Managing school holidays with children

As a kid, I vividly remember the lead up to Christmas vacation and January holidays as being hectic chaos.

Mum enlisted everyone in being frenetic and obsessed about cleaning and getting everything just perfectly right. Not a speck of dust or unpolished silver or glassware was to be found anywhere. It was supposed to be a wonderful time, but so much tension and drama seemed to surround getting ready for visitors and festive functions that we really needed the first week of January to recover.

Winding down steadily

I really prefer the idea of preparing for the festive season and extended vacation as similar to preparing for a brief retirement – taking it easy and reducing the workload, so that one can truly enjoy doing nothing much at all.

As such, winding down steadily and beginning the vacation period in a relaxed, settled state is the aim. There is no doubt we all love family vacations and extended time off, but preparing to spend this time pays dividends. In our hectic lifestyles, to be mentally fit, we need to truly wind down and relax to recover from stress, pressure and increasing demands of the year.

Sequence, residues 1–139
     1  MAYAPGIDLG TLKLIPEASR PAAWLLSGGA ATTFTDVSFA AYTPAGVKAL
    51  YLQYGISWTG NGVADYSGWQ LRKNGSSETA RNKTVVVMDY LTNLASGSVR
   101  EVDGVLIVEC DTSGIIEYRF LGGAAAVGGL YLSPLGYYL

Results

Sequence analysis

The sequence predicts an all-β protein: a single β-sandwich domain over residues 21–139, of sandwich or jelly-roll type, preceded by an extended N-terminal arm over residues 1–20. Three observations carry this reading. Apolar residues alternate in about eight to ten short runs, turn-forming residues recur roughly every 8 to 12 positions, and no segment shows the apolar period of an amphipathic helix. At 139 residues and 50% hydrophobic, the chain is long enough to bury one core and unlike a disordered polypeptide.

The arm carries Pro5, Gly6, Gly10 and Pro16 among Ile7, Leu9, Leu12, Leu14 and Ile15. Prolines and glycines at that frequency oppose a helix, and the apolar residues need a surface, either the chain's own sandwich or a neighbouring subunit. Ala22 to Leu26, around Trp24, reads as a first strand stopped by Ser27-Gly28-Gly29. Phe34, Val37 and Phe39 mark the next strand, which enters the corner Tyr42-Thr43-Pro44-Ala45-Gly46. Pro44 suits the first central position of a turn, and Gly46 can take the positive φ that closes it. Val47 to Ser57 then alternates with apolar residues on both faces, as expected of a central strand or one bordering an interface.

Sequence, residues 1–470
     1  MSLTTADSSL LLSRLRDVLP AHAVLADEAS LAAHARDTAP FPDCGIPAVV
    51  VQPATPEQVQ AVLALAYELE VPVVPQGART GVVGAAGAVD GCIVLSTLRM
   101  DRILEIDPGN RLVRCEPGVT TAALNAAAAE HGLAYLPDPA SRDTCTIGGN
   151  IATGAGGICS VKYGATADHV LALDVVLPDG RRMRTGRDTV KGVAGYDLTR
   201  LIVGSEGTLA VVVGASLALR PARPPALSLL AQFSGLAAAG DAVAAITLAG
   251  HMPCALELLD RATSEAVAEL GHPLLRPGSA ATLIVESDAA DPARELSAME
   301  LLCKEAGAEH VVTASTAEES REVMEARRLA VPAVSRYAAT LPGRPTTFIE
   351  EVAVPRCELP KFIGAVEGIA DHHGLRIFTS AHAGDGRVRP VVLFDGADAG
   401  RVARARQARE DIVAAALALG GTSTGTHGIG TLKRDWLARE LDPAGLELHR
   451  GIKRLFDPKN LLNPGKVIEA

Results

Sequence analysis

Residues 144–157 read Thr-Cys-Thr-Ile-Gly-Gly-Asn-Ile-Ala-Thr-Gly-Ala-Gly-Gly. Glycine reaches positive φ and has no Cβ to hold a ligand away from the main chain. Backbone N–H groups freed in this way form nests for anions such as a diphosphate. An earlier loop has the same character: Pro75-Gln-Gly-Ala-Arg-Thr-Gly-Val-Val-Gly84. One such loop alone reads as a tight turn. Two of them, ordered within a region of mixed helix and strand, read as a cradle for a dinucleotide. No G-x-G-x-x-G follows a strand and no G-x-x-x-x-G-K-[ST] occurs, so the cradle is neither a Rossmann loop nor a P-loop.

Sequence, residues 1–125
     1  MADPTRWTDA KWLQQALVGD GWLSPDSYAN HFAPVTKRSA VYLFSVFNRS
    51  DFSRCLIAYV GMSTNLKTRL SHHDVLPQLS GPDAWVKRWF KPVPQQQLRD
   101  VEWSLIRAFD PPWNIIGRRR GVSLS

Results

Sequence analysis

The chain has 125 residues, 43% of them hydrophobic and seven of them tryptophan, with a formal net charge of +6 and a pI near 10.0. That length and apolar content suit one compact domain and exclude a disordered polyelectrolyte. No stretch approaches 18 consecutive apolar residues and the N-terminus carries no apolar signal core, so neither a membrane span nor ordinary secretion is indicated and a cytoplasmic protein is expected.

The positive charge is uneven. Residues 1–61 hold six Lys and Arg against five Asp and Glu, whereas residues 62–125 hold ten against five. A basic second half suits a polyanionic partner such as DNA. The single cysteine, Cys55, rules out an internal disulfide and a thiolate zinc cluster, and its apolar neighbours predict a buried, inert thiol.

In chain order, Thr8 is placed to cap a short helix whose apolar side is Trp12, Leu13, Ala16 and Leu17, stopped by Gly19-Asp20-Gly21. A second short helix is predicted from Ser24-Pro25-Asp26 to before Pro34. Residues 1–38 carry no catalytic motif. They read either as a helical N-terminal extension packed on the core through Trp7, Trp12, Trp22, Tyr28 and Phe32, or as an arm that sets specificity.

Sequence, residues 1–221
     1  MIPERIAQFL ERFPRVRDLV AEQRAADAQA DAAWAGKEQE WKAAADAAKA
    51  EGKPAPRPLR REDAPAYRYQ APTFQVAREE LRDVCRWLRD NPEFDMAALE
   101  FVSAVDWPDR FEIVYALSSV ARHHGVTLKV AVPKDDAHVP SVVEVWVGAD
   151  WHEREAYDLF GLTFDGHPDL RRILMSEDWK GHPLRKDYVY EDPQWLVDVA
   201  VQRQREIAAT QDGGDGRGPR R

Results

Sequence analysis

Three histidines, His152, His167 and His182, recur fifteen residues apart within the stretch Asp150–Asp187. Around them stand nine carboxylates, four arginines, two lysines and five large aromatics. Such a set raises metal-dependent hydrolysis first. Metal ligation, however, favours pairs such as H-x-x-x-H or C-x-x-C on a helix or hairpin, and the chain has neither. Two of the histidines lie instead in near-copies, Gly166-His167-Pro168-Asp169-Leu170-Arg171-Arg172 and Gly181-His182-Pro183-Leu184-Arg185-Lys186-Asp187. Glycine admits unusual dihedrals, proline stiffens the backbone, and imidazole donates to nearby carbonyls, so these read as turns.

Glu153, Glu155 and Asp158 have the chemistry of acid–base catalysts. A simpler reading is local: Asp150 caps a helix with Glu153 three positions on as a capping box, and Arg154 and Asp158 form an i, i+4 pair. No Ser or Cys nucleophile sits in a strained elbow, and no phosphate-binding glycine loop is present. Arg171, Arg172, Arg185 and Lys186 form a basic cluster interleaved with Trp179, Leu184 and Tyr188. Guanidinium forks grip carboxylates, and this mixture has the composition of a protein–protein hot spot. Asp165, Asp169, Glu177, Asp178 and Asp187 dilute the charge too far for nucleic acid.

Vacations allow such beneficial time to relax, spend family time together and most of all for kids to enjoy just being kids. They are critical for mental health. As humans, we cannot maintain constant pressure and neither can kids.

Often depression, anxiety or behaviour outbursts are the result of trying to fight against stress and hectic schedules for too long. Thus, extended holidays are essential for families to relax, build connections and have fun experiences together. Better still, approaching vacations calmly and in a relaxed state adds great benefits and leads to truly fun times.    

Taking charge of winding down

As a family, you need to take charge of winding down, by following several essential steps. The first is surviving ‘end of termitis’ – the huge demands at the end of school term – such as the extra demands of Christmas concerts, school performances, awards nights and other late social nights, when toddlers and kids are already very fatigued and overwhelmed and tired by the end of term.